Responding to Myanmar’s disease transition
In a stilted wooden house in East Dagon township, an hour from Yangon, twenty older people are meeting together to discuss the issues that matter most to them.
This is just one of more than 100 Older People's Self Help Groups (OPSHGs) established with support from HelpAge Myanmar.
I was there to learn about older people's main health concerns. And the message is clear. Many of them have high blood pressure, and almost everybody knows someone who has suffered a stroke. High blood pressure, also known as hypertension, is a major risk factor for heart disease, one of the leading non-communicable diseases (NCDs).
Rapidly ageing population
Myanmar's population is ageing rapidly and the spread of NCDs is accelerating sharply. All ages are at risk of NCDs in Myanmar but older people are often disproportionately affected. Approximately 9% of the population are over 60, with projections that this will rise to 12% by 2025, accelerating the increase in NCDs.
NCDs tend to develop throughout the lifecourse, often occurring in older age as a result of exposure and risk over a number of years. It takes regular contact with health services to detect them. Also, due to their chronic nature, NCDs often affect whole families and communities causing catastrophic financial and social burdens.
The WHO estimates that NCDs already account for 40% of all deaths in Myanmar, and this figure is growing rapidly. NCDs made up four of the ten most common causes of death in 2010. One recent study reported a hypertension prevalence of 34%; with only one in ten controlling their blood pressure. Rates of diabetes and kidney disease have also doubled in the last twenty years, partly due to a lack of screening and treatment facilities.
Growing prevalence of NCDs
The growing NCD prevalence is striking: it highlights a vital gap in the health system. So far, most development assistance has focused on the burden of infectious diseases and maternal and child health. While this must continue, Myanmar is changing, and alongside social, economic and political shifts is a "disease transition" towards an increasing burden of NCDs.
This is against a background of decades of neglect and underinvestment in the health system, with few opportunities to develop technical expertise and capacity, particularly in relation to NCDs and mental health. Data on NCDs and mental health is sparse and while health budgets are growing, there is some way to go.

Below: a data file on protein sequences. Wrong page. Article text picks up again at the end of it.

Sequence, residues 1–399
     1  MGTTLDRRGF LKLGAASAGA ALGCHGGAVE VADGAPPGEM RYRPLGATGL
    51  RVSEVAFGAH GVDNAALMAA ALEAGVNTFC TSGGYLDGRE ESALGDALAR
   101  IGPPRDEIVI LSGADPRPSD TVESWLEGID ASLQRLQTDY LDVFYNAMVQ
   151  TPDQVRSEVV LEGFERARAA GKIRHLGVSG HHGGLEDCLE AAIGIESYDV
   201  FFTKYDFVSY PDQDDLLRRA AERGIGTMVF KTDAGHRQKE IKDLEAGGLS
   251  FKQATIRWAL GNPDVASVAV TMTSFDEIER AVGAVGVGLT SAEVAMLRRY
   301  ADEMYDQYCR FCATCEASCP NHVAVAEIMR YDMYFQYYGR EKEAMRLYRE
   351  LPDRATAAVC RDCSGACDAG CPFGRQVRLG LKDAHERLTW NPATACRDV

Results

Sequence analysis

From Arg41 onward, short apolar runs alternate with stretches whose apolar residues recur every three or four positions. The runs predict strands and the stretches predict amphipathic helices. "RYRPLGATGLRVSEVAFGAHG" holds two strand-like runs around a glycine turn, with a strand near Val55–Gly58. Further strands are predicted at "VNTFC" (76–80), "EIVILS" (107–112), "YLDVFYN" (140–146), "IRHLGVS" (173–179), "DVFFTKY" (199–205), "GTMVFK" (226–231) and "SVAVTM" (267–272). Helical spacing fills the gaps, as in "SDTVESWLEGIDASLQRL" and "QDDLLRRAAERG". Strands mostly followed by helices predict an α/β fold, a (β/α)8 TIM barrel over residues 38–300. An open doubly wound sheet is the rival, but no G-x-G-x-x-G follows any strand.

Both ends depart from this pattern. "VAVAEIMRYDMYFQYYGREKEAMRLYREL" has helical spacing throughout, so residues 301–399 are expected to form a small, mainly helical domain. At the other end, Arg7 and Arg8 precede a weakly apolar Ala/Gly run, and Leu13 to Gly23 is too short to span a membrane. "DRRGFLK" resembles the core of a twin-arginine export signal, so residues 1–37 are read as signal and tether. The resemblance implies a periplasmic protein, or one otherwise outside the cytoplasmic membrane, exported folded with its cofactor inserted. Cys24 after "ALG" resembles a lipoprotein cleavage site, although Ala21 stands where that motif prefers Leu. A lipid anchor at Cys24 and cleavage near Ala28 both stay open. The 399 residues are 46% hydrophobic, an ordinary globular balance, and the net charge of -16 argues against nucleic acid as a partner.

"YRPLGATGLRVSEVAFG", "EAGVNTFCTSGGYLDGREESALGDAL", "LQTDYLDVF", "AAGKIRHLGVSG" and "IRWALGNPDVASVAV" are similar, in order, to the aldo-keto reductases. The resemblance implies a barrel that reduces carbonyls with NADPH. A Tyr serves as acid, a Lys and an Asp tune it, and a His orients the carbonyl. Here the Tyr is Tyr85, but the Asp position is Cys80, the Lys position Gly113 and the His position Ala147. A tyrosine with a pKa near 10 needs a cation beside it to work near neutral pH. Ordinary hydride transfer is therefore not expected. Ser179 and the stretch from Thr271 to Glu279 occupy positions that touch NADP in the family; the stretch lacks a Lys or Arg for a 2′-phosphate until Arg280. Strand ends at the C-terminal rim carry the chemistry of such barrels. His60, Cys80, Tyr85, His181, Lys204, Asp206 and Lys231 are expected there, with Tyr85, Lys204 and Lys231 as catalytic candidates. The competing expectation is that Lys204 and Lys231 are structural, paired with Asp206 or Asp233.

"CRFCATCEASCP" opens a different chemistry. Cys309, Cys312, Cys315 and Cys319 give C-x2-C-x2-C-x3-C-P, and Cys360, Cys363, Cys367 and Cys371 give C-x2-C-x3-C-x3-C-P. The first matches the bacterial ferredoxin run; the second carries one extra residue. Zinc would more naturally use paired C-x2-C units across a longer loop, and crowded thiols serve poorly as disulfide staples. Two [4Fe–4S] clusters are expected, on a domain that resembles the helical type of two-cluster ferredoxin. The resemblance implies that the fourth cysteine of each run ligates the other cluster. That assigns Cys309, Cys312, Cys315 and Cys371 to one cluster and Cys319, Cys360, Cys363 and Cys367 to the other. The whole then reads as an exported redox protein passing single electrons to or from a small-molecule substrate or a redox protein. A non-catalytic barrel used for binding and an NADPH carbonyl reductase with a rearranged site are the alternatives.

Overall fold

In order to help address these issues, HelpAge has launched a four-year, €3.5 million project in Myanmar. This EC-funded project is designed to build public health capacity, strengthen evidence-based policy and improve health services. We partner with Myanmar's only public health body, the University of Public Health, along with the University of Medicine 2, and Thammasat University in Thailand.
Tackling NCDs goes beyond health sector
The project is a unique opportunity to support knowledge transfer and best practice while bringing together diverse sectors to find shared solutions that achieve policy change. A "health in all policies" approach recognises that effective action to tackle the NCD burden stretches beyond the health sector.
Traditionally, policies have put the onus on changing the behaviour of the individual, concentrating on four modifiable behavioural risk factors to prevent NCDs - tobacco, alcohol, diet and physical exercise. In fact, an effective strategy for NCDs must equally recognise environmental exposures, and the structural drivers of economic, trade, and environment policy, which have a huge bearing on health.
This is especially resonant at a time when Myanmar is opening its doors to foreign investment. In recent weeks KFC became the first US fast-food company to open for business in the country. Greeted by three-hour queues, the transnational food industry is hot on the heels of the tobacco, alcohol and soft drink industries, all of which have recently established multimillion pound investments. Reportedly, one eager diner claimed - "it is internationally famous, so I think it must be healthy."
To me, there has never been a better opportunity to examine the role of legislative and regulatory mechanisms to create enabling environments and protect people's health. The project will promote policy dialogue and consultation at all levels, bringing together representatives from grassroots actors to high-level decision makers.
The aim is to equip policymakers with strong evidence in order to make fully informed decisions about future investment. Training the next generation of public health and medical professionals by reforming the curriculum to reflect the realities is a component that is vital for sustainability.
As Myanmar continues to change there are opportunities like never before. This is an unprecedented chance to partner with national institutions to build capacity and systems. Responding to the rapid disease transition with projects like this is crucial to improving the quality of life for the people of Myanmar.
Read more about our work supporting older people in Myanmar.